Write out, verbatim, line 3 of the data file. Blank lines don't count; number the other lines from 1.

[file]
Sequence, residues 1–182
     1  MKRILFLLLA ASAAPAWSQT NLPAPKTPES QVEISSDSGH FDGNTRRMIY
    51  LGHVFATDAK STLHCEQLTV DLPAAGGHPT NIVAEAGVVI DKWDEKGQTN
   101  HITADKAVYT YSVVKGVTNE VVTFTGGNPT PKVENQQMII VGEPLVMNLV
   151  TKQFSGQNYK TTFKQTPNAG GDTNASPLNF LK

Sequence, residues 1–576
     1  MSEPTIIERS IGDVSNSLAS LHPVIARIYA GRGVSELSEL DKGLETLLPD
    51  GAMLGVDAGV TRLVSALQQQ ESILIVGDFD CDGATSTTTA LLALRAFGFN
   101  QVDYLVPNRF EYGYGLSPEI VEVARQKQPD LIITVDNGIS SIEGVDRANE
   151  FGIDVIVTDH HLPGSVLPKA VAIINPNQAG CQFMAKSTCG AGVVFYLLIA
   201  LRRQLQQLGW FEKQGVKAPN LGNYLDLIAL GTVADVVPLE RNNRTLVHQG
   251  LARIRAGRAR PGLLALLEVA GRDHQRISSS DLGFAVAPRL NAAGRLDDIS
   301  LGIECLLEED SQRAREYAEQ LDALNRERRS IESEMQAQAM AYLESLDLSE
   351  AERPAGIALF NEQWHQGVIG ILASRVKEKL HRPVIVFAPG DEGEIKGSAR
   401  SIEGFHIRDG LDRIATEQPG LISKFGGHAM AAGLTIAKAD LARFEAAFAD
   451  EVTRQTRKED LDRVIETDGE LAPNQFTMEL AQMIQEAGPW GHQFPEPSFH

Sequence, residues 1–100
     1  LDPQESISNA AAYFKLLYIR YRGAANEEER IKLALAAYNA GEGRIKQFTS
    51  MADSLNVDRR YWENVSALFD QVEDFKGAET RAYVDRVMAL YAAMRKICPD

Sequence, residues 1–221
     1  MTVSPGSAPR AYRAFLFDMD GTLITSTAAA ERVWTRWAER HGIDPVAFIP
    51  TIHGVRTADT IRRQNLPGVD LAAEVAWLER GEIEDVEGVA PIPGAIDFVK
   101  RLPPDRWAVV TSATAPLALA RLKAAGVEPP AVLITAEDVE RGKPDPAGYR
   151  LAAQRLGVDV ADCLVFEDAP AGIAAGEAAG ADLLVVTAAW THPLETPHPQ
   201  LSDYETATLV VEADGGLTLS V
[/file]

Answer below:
    51  LGHVFATDAK STLHCEQLTV DLPAAGGHPT NIVAEAGVVI DKWDEKGQTN